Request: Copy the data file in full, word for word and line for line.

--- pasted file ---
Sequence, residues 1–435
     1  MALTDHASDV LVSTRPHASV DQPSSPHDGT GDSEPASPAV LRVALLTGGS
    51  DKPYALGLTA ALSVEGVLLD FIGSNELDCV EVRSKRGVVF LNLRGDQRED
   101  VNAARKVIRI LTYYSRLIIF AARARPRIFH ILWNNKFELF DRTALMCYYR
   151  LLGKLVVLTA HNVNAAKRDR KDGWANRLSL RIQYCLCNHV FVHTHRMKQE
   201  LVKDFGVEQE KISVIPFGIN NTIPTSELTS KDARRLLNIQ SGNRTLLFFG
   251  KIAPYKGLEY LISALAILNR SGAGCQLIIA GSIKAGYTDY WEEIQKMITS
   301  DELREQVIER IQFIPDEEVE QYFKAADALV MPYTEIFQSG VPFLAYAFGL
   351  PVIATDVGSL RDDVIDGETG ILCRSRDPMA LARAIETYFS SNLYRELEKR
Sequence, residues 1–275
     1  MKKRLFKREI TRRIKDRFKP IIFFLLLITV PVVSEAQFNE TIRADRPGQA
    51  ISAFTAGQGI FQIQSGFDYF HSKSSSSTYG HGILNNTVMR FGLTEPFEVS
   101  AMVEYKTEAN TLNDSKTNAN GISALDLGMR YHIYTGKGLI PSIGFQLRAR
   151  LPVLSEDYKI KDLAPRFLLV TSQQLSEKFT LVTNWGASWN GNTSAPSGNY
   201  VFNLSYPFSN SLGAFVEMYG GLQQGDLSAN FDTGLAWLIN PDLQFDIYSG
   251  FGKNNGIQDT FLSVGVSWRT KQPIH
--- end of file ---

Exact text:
Sequence, residues 1–435
     1  MALTDHASDV LVSTRPHASV DQPSSPHDGT GDSEPASPAV LRVALLTGGS
    51  DKPYALGLTA ALSVEGVLLD FIGSNELDCV EVRSKRGVVF LNLRGDQRED
   101  VNAARKVIRI LTYYSRLIIF AARARPRIFH ILWNNKFELF DRTALMCYYR
   151  LLGKLVVLTA HNVNAAKRDR KDGWANRLSL RIQYCLCNHV FVHTHRMKQE
   201  LVKDFGVEQE KISVIPFGIN NTIPTSELTS KDARRLLNIQ SGNRTLLFFG
   251  KIAPYKGLEY LISALAILNR SGAGCQLIIA GSIKAGYTDY WEEIQKMITS
   301  DELREQVIER IQFIPDEEVE QYFKAADALV MPYTEIFQSG VPFLAYAFGL
   351  PVIATDVGSL RDDVIDGETG ILCRSRDPMA LARAIETYFS SNLYRELEKR
Sequence, residues 1–275
     1  MKKRLFKREI TRRIKDRFKP IIFFLLLITV PVVSEAQFNE TIRADRPGQA
    51  ISAFTAGQGI FQIQSGFDYF HSKSSSSTYG HGILNNTVMR FGLTEPFEVS
   101  AMVEYKTEAN TLNDSKTNAN GISALDLGMR YHIYTGKGLI PSIGFQLRAR
   151  LPVLSEDYKI KDLAPRFLLV TSQQLSEKFT LVTNWGASWN GNTSAPSGNY
   201  VFNLSYPFSN SLGAFVEMYG GLQQGDLSAN FDTGLAWLIN PDLQFDIYSG
   251  FGKNNGIQDT FLSVGVSWRT KQPIH